In West Virginia, the one thing we can all agree upon, despite our political views, is the need for jobs. We hear candidates for office call upon us to support their efforts to add to the workforce locally in every election at every level. We worry that friends and family members will have to leave our beloved Mountain State because they won’t be able to find worthwhile, lasting employment.
We all know people who live out-of-state because they cannot support themselves and their families here. I began wondering about the human element in attracting jobs. I dove into economic theory, not one of my strengths, and discovered that there are as few as three basic components in job creation.
There is money or capital investment. We hear our local politicians talk about this a lot. They tell us that no one will invest money here unless they are given concessions, like tax breaks or other legislative commitments.
The second is equipment; the facility, and goods or services produced must yield a profit for the investor. That is what business is all about.
However, none of this is going to work without “human capital,” the skill sets and efforts that people bring to the business. The term “human capital” is controversial. It has been around since the early part of the twentieth century, but it came into greater usage during the latter half when it became a backbone of the “Chicago School” of economics.
In this view, human capital is similar to the investments that businesspeople make in terms of property, equipment and supplies. If one invests wisely in improved human capital through training, one will be rewarded with greater profitability, just as they would with better facilities or raw materials.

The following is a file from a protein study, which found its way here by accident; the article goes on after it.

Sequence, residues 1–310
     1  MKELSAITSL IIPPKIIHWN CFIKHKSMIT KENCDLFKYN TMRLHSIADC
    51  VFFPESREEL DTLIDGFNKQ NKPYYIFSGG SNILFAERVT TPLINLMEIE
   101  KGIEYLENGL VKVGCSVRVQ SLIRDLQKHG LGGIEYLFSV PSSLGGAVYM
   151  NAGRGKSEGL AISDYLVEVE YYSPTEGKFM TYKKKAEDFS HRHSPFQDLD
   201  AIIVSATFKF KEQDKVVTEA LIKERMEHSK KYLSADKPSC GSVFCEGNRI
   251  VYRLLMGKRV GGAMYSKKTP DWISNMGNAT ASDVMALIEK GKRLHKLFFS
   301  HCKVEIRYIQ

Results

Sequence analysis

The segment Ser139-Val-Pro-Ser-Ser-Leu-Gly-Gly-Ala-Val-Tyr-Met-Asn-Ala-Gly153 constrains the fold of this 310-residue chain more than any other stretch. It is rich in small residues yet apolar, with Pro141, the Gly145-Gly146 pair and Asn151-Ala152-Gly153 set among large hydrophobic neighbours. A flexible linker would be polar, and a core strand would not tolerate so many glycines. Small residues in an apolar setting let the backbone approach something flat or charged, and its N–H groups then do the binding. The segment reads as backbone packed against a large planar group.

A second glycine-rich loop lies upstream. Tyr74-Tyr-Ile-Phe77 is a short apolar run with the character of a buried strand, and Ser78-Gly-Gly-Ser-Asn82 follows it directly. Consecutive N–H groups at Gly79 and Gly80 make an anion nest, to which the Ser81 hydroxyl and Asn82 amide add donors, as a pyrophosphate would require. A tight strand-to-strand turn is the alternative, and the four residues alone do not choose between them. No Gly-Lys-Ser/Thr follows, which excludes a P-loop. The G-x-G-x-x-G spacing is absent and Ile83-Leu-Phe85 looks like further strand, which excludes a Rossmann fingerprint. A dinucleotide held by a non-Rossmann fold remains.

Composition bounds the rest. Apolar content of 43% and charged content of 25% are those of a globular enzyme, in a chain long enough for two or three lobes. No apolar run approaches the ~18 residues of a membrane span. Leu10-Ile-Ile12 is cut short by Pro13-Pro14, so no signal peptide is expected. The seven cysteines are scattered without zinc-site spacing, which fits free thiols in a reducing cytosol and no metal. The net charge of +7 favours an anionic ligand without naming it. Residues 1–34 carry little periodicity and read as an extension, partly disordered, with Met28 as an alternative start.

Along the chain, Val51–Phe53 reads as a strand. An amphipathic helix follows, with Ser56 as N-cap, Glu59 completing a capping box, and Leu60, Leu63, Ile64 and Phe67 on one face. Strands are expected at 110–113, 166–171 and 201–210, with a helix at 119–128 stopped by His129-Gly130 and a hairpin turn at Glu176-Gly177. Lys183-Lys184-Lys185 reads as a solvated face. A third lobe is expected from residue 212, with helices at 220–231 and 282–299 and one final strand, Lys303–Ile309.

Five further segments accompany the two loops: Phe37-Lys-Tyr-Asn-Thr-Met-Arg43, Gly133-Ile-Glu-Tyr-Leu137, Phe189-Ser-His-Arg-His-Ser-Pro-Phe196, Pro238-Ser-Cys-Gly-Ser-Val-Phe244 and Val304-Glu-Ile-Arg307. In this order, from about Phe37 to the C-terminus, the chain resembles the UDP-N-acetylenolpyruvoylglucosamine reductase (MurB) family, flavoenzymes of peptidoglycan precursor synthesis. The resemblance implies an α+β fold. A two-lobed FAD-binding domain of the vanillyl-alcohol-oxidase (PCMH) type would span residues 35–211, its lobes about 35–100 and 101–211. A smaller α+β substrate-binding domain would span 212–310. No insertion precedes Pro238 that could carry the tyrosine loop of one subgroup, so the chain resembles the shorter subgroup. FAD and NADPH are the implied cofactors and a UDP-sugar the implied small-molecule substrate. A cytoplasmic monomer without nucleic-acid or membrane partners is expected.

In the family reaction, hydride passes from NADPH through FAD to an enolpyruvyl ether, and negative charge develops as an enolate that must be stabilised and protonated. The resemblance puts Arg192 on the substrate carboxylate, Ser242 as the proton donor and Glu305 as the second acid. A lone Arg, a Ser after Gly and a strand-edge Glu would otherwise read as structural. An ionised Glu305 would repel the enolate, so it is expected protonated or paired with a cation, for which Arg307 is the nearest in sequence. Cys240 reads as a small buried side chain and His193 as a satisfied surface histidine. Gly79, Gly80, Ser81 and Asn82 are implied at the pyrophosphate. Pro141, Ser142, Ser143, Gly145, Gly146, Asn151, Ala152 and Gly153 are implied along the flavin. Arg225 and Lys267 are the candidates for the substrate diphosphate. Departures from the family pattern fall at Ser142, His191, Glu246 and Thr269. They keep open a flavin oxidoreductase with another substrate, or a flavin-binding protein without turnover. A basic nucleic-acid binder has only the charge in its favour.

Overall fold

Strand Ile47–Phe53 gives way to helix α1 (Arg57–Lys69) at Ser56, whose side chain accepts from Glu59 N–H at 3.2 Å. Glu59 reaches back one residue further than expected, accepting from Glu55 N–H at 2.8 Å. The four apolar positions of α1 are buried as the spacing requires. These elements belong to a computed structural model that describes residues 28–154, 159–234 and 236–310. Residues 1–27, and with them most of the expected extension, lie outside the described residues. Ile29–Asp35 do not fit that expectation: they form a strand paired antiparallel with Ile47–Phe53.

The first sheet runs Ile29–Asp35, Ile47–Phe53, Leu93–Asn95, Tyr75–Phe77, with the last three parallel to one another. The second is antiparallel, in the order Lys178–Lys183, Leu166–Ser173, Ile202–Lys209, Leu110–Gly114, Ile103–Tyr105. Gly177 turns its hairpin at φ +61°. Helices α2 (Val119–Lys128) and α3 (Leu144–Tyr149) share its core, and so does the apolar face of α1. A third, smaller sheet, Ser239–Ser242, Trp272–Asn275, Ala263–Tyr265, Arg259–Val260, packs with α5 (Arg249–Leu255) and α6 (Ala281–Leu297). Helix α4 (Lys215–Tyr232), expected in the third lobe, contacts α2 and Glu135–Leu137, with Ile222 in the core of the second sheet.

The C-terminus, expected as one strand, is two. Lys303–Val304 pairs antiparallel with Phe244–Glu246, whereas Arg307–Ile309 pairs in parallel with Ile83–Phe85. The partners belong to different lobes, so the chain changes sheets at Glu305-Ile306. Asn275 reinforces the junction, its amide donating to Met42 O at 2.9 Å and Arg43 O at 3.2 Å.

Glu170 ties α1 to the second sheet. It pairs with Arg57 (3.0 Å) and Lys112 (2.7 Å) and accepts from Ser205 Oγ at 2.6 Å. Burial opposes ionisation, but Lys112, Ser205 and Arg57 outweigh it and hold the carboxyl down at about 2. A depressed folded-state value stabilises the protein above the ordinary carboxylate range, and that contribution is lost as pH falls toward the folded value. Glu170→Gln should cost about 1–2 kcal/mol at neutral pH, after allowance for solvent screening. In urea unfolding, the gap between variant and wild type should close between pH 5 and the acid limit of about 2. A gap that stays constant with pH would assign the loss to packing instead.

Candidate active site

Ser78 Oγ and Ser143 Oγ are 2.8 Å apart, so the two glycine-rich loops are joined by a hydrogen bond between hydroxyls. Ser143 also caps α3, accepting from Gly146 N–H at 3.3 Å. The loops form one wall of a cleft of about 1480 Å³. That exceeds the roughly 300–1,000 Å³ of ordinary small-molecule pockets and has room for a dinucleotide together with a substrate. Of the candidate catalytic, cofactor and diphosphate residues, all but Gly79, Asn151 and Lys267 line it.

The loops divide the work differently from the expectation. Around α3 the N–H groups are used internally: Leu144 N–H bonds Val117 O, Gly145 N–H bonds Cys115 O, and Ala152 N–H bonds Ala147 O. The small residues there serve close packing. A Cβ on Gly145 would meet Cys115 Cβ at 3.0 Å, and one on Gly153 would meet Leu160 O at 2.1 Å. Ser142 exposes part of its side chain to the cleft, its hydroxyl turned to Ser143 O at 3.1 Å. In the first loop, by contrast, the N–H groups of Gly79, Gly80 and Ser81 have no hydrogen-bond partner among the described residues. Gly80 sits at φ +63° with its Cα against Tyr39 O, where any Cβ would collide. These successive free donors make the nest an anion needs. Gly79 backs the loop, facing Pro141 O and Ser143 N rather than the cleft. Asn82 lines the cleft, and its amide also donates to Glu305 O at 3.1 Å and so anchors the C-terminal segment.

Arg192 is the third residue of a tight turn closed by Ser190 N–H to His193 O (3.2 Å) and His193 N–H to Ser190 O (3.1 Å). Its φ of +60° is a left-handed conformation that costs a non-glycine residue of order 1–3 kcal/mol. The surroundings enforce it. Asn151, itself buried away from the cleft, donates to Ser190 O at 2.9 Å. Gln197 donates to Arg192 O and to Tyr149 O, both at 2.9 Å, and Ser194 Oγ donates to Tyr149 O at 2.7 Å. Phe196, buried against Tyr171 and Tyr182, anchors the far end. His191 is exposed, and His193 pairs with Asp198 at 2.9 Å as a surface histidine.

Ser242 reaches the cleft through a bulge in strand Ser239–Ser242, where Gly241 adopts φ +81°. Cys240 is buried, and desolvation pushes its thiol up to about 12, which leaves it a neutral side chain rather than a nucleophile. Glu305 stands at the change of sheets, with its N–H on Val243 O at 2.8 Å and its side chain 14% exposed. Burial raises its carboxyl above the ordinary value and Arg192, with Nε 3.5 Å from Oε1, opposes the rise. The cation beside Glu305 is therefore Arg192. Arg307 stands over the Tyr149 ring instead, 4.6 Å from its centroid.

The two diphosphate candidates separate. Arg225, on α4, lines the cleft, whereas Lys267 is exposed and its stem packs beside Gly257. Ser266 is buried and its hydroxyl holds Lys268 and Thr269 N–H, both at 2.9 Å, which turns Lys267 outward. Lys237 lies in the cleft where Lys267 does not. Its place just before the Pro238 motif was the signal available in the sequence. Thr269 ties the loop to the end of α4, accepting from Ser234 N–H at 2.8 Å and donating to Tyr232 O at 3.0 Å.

Another theory which attempts to justify the difference in employee wages as more than just the grooming of human capital is “signaling.”
This says that employee training is merely a signal to the employer that this is a worker who is capable of doing higher levels of work, and it does not include other human factors like character or the ability to collaborate with others in the workplace. I am sure we can all recall someone who was highly educated and intelligent but who was unable to function in the “real world” of work.
I have always felt that West Virginia is a great source of human capital. Our people are deeply committed to their families, their faith, and our land. There are many underemployed individuals in West Virginia who stay because of their ties to this place we call home.
If an employer wants to have the best in human capital, I would argue that they can find great opportunity in North Central West Virginia. We have people of great character right here, who would respond so favorably to a chance to earn a fair wage with the kind of benefits that few of us enjoy currently. An employer who offered daycare and insurance would be a real calling card.
Qualified West Virginians from the surrounding area and those who have relocated would apply for and become valued employees if such an employer were available. And the employers I seek would offer long-term jobs, not transient ones which hire and fire at periodic intervals in our West Virginia “boom-and-bust economy.”
In return, these employers would improve our human capital. They would train our workforce to be more educated, more reliable, more proactive in seeking the kind of stance towards employment enjoyed by others in more dynamic business climates. It is truly a win-win situation.